The ancient Roman practice of divination survives like an archeological relic in our languages: the auspex, who observed the flight of birds (avis, spectare) and read the future there, survives in the words 'auspices' and 'auspicious'; the augur is still ‘inaugurating’ things in English and wishing everyone the best (auguri!) in Italian. The cleverest people in pagan Rome had recourse to divination without scepticism or embarrassment; it was considered so important that the authorities prosecuted false diviners. But it survives not only as a half-forgotten etymology; it is a lucrative trade in piazza Navona every night of the week.
On both sides of a little side-street, Corsia Agonale, they set up their tables in the evening. I have not seen any who examine the entrails of animals, but all the others are there in force: palmists, seers, exorcists - citizens of every nation under the sun - charmers, mediums, clairvoyants, gazers at crystal balls and tarot cards, astrologers, soothsayers and a convincing stand-in for the witch of Endor.
The best of them is a multi-lingual reader of hearts, no more than fifty years of age but doing his best to look eighty. With dentures removed and with a shawl over his head, surmounted by a hat, he could be from any time or place; he is in fact from Germany.
Visitors from every part of the globe can hear him speaking in their own tongues.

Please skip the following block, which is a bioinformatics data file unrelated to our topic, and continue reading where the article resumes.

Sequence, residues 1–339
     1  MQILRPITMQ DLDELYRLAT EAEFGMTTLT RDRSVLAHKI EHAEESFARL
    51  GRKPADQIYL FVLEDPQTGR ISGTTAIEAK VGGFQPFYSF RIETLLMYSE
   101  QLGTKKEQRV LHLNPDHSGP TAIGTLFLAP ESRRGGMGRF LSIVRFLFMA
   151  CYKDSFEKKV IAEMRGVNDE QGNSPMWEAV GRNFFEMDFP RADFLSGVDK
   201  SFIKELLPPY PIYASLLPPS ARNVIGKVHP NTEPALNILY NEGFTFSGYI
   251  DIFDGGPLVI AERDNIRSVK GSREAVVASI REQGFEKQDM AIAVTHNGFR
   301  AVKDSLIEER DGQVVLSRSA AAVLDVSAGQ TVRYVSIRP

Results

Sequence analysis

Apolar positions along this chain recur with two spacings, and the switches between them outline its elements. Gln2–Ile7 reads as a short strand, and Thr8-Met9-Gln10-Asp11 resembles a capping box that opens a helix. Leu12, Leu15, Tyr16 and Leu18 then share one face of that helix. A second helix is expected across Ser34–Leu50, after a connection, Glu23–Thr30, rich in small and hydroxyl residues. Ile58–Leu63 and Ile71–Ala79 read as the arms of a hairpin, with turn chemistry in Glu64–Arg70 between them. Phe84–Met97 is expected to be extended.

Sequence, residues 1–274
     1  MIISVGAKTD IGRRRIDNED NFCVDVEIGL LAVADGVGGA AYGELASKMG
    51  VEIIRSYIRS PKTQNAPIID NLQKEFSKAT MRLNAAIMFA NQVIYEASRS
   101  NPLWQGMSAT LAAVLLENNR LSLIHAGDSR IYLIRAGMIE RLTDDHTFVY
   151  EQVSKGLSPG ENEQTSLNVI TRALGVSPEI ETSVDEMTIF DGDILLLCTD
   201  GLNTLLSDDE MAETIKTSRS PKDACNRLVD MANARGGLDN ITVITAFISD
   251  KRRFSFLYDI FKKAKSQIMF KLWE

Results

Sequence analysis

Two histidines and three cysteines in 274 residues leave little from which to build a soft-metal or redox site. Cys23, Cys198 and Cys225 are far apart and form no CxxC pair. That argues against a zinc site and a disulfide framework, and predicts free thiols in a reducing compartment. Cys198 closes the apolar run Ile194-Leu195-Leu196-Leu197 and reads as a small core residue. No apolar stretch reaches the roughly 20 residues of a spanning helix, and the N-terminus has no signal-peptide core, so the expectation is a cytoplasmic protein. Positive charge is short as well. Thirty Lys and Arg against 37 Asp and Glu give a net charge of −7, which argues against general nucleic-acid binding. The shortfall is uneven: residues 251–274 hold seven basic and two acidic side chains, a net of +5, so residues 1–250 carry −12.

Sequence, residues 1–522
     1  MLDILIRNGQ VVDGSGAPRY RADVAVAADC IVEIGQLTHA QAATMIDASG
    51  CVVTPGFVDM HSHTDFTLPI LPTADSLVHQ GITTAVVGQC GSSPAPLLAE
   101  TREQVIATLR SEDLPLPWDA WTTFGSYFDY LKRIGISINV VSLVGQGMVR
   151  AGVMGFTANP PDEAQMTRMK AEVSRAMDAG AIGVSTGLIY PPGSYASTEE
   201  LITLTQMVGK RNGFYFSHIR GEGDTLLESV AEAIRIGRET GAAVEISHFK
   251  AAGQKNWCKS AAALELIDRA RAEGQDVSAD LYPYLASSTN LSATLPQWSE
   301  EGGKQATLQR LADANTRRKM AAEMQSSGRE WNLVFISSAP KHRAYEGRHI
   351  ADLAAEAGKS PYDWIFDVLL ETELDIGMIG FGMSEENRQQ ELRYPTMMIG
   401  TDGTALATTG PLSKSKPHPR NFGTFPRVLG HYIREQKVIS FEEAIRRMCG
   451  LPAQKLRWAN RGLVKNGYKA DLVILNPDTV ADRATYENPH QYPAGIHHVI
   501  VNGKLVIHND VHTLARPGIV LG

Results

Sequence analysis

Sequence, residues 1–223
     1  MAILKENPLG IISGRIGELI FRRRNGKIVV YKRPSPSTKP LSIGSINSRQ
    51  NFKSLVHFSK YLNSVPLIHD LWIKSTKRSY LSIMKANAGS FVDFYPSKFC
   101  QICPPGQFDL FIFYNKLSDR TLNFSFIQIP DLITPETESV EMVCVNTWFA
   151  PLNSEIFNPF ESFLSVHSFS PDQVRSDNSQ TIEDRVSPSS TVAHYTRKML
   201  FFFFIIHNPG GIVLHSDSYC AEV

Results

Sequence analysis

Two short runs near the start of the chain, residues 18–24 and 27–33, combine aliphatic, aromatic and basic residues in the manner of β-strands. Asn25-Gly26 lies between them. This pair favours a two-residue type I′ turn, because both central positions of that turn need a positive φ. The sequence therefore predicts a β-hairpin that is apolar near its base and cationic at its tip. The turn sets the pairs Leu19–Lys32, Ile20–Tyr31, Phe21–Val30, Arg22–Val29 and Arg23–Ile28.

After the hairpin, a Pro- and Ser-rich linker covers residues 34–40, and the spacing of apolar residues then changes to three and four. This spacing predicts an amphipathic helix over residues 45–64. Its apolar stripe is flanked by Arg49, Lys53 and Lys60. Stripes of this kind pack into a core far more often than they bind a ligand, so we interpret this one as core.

'You have two brothers and a sister,' he declares to a young tourist, surrounded by her friends.
'No,' she replies a little apologetically, 'I'm an only child.'
'Or an only child, yes. And you come from Belgium.'
'Mais oui, c'est clair, vous êtes canadienne!' he says, with a piercing look, as if surprised that it took her so long to know such a simple thing.
He is nearly always dead wrong, but it never shakes his composure - nor that of his clients, because his appearance is his warranty. Then he moves to the inner being, where his high flown delivery is not checked by contradiction. He always speaks with total certainty and is heard in the same spirit, since that is what his clients are seeking: certainty. He is at his best when he speaks of the future: it is here that he can give them real value for their money; his munificence knows no bounds. He has secret knowledge, he is a knower, a gnostic; he sees visions for the young and dreams dreams for the old; he prophesies for them and speaks about wonders in the heaven above and signs on the earth beneath.
His gift is that he knows our need for certainty; he knows we will eat it off the street, and so, of his charity he distributes it with a generous hand.
From In a Fitful Light: Conversations on Christian Living, Donagh O'Shea
(Dominican Publications, Dublin 1994)